representations of a reality which remains unknown. 
Blavatsky says that noumenal to the elementals are the
dhyani Buddhas. Some chelas are said to perceive them
clairvoyantly, but then again a new
noumenon-phenomenon duality arises. This is the
origin of the concept of "planes". Each higher plane
is noumenal to the ones below it, and the idea of
"planes" becomes meaningful because we have available
different sorts of consciousness, some of them
clairvoyant. Thoughts and emotions are objects of
consciousness, even though they are not physical, so
we say there are "thought planes" and "emotional
planes," etc.

Thus when you say:

Gerald: "Atma self-expresses also (as above so below
holds throughout this manvantara) and forms principles
on the four lower planes, which attract the
appropriate matter on each plane to form bodies.

I would say there is only one matter, and that the
"planes" have to do with different forms of

Also when you say:

Gerald: "Atma is "spirit," the subjective side, matter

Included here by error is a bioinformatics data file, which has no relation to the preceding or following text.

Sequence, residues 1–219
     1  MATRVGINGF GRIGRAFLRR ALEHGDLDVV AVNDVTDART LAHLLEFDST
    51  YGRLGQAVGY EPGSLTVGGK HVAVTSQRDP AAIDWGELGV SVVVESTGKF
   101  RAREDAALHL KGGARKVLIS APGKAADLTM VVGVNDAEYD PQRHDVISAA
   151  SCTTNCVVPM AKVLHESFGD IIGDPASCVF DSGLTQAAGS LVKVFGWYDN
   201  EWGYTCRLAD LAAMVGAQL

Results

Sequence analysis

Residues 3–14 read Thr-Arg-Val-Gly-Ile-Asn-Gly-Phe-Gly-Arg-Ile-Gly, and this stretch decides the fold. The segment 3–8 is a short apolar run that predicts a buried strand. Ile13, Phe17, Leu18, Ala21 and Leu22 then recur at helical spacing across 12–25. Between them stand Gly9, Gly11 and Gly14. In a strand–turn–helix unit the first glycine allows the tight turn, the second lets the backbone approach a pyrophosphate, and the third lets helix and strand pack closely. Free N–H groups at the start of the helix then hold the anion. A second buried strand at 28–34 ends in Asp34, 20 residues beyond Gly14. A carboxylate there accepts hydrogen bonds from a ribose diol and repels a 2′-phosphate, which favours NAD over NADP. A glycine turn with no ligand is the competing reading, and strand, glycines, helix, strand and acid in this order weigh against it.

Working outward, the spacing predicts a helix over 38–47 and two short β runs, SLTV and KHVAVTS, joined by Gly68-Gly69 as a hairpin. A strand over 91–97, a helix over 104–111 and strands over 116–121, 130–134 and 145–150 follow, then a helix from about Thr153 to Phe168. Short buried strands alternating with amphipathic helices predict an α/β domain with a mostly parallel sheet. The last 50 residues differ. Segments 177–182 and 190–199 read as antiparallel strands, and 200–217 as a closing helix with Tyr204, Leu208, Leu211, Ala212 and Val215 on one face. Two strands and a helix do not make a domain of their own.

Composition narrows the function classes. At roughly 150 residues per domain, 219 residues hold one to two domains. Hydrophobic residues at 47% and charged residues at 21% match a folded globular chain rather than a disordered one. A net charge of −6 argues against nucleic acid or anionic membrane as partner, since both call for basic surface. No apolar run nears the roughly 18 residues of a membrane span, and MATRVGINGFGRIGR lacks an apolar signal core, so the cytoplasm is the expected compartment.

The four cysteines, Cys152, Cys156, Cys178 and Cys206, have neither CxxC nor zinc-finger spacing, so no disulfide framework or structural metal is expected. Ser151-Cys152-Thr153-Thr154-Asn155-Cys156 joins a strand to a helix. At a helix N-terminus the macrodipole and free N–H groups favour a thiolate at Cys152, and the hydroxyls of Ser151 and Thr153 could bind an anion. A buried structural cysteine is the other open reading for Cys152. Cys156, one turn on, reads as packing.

is the objective side of the same thing.

I would agree that atma is subjective in the sense
that it is noumenal and not accessible to our senses,
and yet more objective than matter in the sense that
the noumena is more "real" than the phenomenon.

Again, I am just offering ideas for consideration to
stimulate thinking. Agree or disagree as you wish. 
These ideas are not well explained in theosophical
literature (probably because the people who write all
these books do not understand them), and one has to
study philosophy to get at the real sense of them,

Gerald: "Evolution into matter is largely unconscious.
Involution back into spirit is conscious

The terms are bass ackward. Evolution is to spirit,
and involution is into matter. This is one of the
mistakes in Brendan French's dissertation if memory
serves me correctly.

Gerald: "The goal is to combine buddhi and manas into

Buddhi-manas already exists and does not need to be